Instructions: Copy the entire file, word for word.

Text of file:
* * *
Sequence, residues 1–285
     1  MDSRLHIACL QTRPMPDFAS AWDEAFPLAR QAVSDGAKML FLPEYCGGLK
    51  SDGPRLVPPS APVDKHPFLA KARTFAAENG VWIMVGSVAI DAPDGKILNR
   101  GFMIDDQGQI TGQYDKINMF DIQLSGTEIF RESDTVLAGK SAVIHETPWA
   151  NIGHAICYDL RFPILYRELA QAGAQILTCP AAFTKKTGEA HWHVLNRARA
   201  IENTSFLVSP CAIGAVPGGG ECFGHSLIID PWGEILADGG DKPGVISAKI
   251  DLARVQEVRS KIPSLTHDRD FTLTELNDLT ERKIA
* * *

Sequence, residues 1–285
     1  MDSRLHIACL QTRPMPDFAS AWDEAFPLAR QAVSDGAKML FLPEYCGGLK
    51  SDGPRLVPPS APVDKHPFLA KARTFAAENG VWIMVGSVAI DAPDGKILNR
   101  GFMIDDQGQI TGQYDKINMF DIQLSGTEIF RESDTVLAGK SAVIHETPWA
   151  NIGHAICYDL RFPILYRELA QAGAQILTCP AAFTKKTGEA HWHVLNRARA
   201  IENTSFLVSP CAIGAVPGGG ECFGHSLIID PWGEILADGG DKPGVISAKI
   251  DLARVQEVRS KIPSLTHDRD FTLTELNDLT ERKIA